And if you have had quinoa but found it bitter and unpleasant, it is because you, or whoever cooked it for you, did not take classes here on the farm. Read the label!
Toss together all ingredients. Season with salt and pepper.
Do you need to salt and let your eggplant drain?
No, because here on the farm we play eggplant roulette……
It is my personal experience that less than 1 out of 100 eggplants are bitter enough to benefit from the salting method, and those odds are such that I am willing to gamble.
Ok, ever so often I will bite into an eggplant and think “hmmm bitter”, but not often enough to justify the extra time and effort, involved in salting and waiting.
1 Eggplant, sliced into 1/2 inch slices, aka as: goldilocks size….not too thick, not too thin, but just right
olive oil spray
Fig vinegar, garlic, olive oil, chopped shallot
Garnishes: goat cheese, ricotta cheese, pomegranate seeds, herbs etc
Grill your” just right” sliced eggplant either on a grill, in a grill pan or saute in a skillet.
Eggplant absorbs tons of oil, and the entire surface really needs a nice coating, so spraying with olive oil spray or use a pastry brush to get a thin cover of oil on it.
Then grill or saute your egg plant until it is nice brown and soft inside. If you see dry patches on the eggplant spray more oil on it.
Season with salt and pepper, grate some garlic on it, and drizzle with fig vinegar and scatter some shallots on top.
Garnish as desired.
Last year, we cut our sprouts thin, and gave them a quick saute in a hot skillet. Yum.
Then a few classes later, we cut them in half, and tossed with with a mustard mix. Yum yum.
And we were converting the brussel sprouts haters, one by one.
And now the haters were ripe to go RAW. Yeah, baby!!!
Brussel sprouts, the larger the sprouts the better for this recipe
parsley, chopped coarse
thinly sliced almonds, toasted in a dry skillet
1 tablespoon whole grain mustard
1 clove garlic grated
juice from one good lemon
1/3 cup of olive oil
salt and pepper
Slice the raw brussel sprouts super ridiculously thin, using the finest setting on a mandolin.
If you don’t have a mandolin, you should postpone eating them raw, until you have one.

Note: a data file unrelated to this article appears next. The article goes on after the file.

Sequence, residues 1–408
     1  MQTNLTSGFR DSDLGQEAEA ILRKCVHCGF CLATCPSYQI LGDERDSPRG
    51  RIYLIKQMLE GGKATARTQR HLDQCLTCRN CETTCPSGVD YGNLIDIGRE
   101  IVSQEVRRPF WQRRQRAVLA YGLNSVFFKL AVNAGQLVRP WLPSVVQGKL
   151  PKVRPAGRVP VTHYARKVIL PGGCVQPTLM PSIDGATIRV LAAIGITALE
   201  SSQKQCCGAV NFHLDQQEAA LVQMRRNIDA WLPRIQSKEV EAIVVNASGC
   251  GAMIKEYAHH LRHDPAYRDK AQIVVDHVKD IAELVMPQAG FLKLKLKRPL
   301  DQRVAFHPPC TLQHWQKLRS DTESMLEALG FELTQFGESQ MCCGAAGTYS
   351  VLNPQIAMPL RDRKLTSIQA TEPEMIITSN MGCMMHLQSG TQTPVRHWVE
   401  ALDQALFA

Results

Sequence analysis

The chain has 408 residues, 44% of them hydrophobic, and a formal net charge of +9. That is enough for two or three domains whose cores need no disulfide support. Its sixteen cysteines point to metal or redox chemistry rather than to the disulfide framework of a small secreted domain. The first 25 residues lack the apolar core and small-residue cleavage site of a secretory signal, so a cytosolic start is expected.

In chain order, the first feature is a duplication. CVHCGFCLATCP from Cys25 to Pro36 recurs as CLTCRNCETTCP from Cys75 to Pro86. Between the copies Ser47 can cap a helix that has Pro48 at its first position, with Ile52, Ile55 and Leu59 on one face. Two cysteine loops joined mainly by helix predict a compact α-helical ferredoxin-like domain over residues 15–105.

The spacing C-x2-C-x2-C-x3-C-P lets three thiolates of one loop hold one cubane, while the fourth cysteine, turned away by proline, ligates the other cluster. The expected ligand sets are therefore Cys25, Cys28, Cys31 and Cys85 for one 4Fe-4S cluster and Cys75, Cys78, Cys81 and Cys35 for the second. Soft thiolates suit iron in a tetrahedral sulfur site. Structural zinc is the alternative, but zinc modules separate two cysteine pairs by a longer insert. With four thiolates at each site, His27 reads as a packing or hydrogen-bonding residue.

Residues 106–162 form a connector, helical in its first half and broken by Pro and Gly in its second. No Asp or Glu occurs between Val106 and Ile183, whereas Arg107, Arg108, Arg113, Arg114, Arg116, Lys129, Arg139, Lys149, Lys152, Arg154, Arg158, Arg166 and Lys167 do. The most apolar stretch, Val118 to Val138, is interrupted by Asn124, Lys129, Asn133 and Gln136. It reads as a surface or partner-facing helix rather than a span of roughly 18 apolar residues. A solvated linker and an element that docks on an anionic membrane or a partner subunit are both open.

There are great ones available for $25. Great investment.
To eat them RAW, they really need to be super ridiculously thin, which is only achievable by using a mandolin on the finest, barely even open setting.
PLEASE do NOT cut your FINGERS off while doing this…..it is a vegan dish….please
Ok, you have let’s say:
two cups of finely sliced raw brussels sprouts. Now toss in
1/3 cup of chopped parsley,
1/2 cup of toasted almonds.
Whisk together dressing ingredients, and toss with the raw sprouts. Taste for salt.
And see, last year you told me, you HATED brussels sprouts. And now you are eating them RAW.
and your liking it.
hate to say it, but I told you so.
Ok we have done this before, but for you new comers, or here we go again with the:
OKRA RULES, or Rules of Okra.
I am slimy – keep me dry. So if you need to wash the okra, do it way ahead of cooking it, so it will be dry when you cook it.
I am slimy – let the slime out. So cut me in half length wise, for maximum slime escape.
I am slimy – high heat to dry me out. Char cut side down, high heat, until brown, then flip for a second. then all done. Don’t over cook it. Leaving it a little crunchy is best. Now just sprinkle with a little salt, and you are ready to eat.
My rules of ice cream is always the same.
Custard cooking = way to much work.
1+1+1 = easy ice cream making. No custard needed.
So let’s see, we did, saffron ice cream, 1 part coconut milk, 1 part yogurt, 1 part sugar, +saffron and lemon.
We did basil ice cream, 1 part cream cheese, 1 part yogurt, 1 part sugar + basil and lemon
NOW we are doing Fig, so:
1 part buttermilk
1 part yogurt
1 part sugar
Whisk together above ingredients and then whirl in a blender with FIG JAM, and then freeze in an ice cream maker.
1/2 basket figs, cut in half or quarters
1/4 cup sugar
1/4 cup agave
Cook until figs are soft and mixture is reduced to a thick jam.
Stir in a splash of balsamic vinegar.
Cool and blend into ice cream base above, or use in fig tart below.
1 1/4 cup flour
4 teaspoons sugar
1 teaspoon salt
1 stick butter, frozen
1 egg, whisked into 1/4 cup ice water.
Whisk together flour, sugar and salt in a small bowl.
BAKING TIP OF TODAY: freeze your stick of butter, and then grate it over the flour mixture, which will make it really easy to mix together into the flour. Then stir in the egg wash, start by using half of it, and add gradually until the dough holds together.
PERSONALLY, i don’t care for flour sticking on my hands….its a bit of a phobia…..so I would take the dough, and pour it over a piece of plastic wrap and kneed it together inside the plastic, so none stick to my fingers
When the dough just keeps together, wrap in plastic and chill until proceeding.
When cold, cut in half, and roll each doug piece on a floured surface, until a thin round about 8 inch circle.
This is going to be a rustic tart, so no need to be precise.
Spread with some cooled Fig Jam, above, or purchased, over the center of the dough, keeping a 2 inch border.
Then over the fig jam, lay some fresh figs cut in half or quarters, semi decoratively.
Now fold up the two inch border, to create a raised edge of the dough.
Almost, done, just a few steps left.
Brush the figs with some fig jam (commercial) or other jam, melted with butter over the figs.
Brush some egg wash (1 egg whisked with 1/4 cup of cream) over the dough part. Then sprinkle with sugar.
Bake in a preheated oven for 40 minutes or until the dough is browned.
Just FIG’s for a figtastic tart?,
no this could be any fruit.
So crust, easy to make. fill it with anything you got, apricots, plums, strawberries, apples, etc.
You can spread a little jam of the same flavor as the fruit you are filling it with, or you can skip the jam.
It’s your dessert. So you make it:
any which way you like it.